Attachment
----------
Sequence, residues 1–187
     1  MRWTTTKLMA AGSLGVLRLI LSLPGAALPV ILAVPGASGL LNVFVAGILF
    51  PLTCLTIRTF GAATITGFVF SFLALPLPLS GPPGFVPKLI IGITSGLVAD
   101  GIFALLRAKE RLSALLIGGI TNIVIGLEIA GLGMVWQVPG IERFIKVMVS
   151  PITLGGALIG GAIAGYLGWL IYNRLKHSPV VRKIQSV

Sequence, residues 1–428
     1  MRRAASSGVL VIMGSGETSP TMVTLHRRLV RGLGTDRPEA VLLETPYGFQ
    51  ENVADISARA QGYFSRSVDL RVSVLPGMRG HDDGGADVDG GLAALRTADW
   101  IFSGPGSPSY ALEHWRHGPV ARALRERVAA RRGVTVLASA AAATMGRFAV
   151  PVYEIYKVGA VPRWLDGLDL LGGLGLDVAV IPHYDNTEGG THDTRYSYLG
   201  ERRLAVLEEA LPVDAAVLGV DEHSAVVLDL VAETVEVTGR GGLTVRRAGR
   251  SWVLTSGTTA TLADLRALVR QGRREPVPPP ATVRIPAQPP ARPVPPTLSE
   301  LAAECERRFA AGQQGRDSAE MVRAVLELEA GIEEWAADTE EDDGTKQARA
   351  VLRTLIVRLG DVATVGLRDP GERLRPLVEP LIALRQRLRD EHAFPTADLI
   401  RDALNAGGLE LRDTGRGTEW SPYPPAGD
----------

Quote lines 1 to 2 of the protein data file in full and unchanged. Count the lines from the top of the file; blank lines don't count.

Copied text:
Sequence, residues 1–187
     1  MRWTTTKLMA AGSLGVLRLI LSLPGAALPV ILAVPGASGL LNVFVAGILF